Afterlife With Archie: Escape from Riverdale (Archie Comics)
Written by Roberto Aguirre-Sacasa, drawn by Fracesco Francavilla
Collects Afterlife With Archie #1-5
Between work and the impending move, I haven’t had a lot of time to sit down and read comics. However, I inexplicably requested a pile of books from the library which came in much quicker than expected. One of them is Afterlife With Archie: Escape From Riverdale, a book I’d heard a lot of interesting things about. So, with the little bit of free time I had, I banged this one out and had a great time doing it.
There’s basically two ways to dig into this book. The first is, how does it work as a horror/zombie story? And the second is, how does it work as an Archie story? I think the answer to both questions is “pretty great,” though I think the main reason it got so much love is because of the latter instead of the former. That might sound like a dig, but it’s not. Actually, it’s the opposite because I think that it took a lot of guts for Archie Comics to let Aguirre-Sacasa take their characters into such adult territory. This isn’t the cartoony version of Archie you might have seen at the grocery store, but one who knows all the ins and outs of Veronica’s house because he wanted to make out with her. There’s also the matter of zombies. Lots and lots of zombies.
So, the story kicks off after Sabrina helps bring Jughead’s dog back to life with some spell-casting. That doens’t work out quite so well, leading Hot Dog to bite his owner, turn him into a zombie and kick off a nasty bit of carnage. Archie and the gang all happen to be at a costume dance at school when this goes down and the rest of the book finds them trying to figure out ways to survive as the world comes crumbling down around them.
I’ve read and seen a lot of zombie material in my time and I was impressed with where this particular story went. I liked the simple origins of the undead in the book and the idea of the looming threat hitting such a small town. Aguirre-Sacasa also throws in some nice touches involving flashbacks and quick asides to other characters that I thought added a lot to this story. It could have easily focused just on Archie, Betty and Veronica, but instead this feels like a whole world of characters to worry about.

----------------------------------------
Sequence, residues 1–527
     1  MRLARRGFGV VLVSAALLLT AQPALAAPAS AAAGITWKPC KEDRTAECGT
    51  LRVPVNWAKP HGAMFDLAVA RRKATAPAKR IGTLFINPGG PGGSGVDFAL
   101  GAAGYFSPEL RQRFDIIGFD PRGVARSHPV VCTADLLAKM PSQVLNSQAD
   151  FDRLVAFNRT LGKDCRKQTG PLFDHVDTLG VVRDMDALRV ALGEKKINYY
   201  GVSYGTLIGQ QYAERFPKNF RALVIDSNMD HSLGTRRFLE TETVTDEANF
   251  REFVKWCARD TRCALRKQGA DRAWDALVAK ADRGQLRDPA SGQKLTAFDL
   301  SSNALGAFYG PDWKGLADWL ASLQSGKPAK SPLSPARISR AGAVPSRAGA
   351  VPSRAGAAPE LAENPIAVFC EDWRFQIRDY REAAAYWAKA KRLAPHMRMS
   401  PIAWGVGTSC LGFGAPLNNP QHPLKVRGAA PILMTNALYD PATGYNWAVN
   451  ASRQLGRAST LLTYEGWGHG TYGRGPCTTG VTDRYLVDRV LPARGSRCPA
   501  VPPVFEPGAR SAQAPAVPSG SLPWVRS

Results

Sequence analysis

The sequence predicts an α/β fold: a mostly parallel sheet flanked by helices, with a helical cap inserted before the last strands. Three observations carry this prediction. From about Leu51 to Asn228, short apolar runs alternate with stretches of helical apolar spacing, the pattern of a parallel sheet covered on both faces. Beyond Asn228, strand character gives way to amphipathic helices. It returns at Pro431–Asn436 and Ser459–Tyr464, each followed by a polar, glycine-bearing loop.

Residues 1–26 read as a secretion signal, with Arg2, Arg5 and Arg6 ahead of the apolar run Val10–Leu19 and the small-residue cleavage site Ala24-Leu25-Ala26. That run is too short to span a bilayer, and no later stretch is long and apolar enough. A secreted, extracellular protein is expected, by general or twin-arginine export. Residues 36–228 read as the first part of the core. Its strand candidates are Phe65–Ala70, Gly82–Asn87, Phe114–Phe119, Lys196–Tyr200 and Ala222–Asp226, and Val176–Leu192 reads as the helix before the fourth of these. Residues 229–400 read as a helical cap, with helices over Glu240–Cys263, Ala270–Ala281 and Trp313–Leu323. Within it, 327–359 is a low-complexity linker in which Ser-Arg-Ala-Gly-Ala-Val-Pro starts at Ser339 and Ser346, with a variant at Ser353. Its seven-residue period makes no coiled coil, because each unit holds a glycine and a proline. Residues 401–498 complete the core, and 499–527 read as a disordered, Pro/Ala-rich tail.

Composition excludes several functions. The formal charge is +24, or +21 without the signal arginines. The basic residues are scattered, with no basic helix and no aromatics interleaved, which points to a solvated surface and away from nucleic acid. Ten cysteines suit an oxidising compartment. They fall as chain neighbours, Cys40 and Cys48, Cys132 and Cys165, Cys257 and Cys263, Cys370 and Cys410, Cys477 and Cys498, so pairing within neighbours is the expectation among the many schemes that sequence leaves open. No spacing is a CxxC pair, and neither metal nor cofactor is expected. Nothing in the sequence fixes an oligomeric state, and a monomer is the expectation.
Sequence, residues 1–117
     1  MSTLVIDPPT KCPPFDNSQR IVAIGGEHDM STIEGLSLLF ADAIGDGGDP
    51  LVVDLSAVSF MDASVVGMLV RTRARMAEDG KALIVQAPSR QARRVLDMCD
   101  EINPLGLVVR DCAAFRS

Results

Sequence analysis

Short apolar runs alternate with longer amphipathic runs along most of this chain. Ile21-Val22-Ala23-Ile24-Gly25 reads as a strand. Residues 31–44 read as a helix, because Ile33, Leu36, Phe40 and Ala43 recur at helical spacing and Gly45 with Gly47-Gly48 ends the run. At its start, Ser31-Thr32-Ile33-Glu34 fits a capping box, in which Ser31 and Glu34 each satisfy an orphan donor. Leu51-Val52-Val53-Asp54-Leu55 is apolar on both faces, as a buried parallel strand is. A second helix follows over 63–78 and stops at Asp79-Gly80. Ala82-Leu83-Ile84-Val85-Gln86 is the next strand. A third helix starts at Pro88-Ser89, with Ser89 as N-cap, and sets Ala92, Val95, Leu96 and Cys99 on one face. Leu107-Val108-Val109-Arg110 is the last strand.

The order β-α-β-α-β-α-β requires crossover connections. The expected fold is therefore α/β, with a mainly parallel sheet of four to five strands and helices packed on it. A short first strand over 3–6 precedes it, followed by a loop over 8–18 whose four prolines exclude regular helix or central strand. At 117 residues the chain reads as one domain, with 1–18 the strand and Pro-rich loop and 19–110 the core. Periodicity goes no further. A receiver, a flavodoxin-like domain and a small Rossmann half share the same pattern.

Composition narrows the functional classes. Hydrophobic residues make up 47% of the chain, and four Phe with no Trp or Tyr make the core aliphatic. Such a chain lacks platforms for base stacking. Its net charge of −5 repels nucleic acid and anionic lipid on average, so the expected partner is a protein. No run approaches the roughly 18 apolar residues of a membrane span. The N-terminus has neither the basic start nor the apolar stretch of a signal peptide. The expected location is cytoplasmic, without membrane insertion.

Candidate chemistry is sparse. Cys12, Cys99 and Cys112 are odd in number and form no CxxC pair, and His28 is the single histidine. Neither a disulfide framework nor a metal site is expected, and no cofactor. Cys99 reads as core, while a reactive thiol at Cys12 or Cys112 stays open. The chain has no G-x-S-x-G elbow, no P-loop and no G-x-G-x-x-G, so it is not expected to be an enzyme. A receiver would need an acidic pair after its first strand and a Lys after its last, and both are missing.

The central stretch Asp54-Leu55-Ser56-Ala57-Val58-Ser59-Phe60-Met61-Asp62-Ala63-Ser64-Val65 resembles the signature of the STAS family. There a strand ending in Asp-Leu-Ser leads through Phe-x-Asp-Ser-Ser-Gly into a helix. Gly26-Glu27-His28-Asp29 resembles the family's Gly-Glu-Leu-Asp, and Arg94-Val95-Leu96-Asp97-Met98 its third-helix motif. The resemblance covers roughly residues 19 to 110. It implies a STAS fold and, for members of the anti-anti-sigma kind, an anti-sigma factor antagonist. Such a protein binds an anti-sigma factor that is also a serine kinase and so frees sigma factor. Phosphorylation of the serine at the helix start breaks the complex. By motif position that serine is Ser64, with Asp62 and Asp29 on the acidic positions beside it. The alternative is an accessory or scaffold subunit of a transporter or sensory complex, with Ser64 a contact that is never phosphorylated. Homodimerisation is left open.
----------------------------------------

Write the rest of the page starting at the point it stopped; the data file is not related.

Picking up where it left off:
And worry I did, even though I’m far from familiar with these characters. Sure, I read a few Archie Digests here and there as a kid and know about some of the newer characters like Kevin Keller from reading the internet, but Aguirre-Sacasa did a great job of getting me to care about these characters while also poking fun at a few of the tropes like the never-ending battle within Archie when it comes to choosing between Betty and Veronica.
All of the story elements work really well together, but one of the main reasons this book succeeds so well is that Francavilla doesn’t hold back when it comes to bringing the scary tones. The zombies look awesomely gross and, while you don’t necessarily see the full gory details every time, there’s plenty there to squirm over. His use of blacks, oranges, shadows and darkness makes this a moody, creepy work that fits right in with the other book of his I read this year, Batman: The Black Mirror (speaking of which, Mr. Lodge and Jim Gordon look like twins, right?).
All of these pieces come together to tell a really fun, sometimes scary story that would work without these characters, but is a lot more fun with them involved. I will also say that, seeing a company like Archie go down these different avenues, makes me want to dig a little deeper into the other books they’re putting out. Afterlife With Archie continued on and there’s also a Sabrina series I want to check out.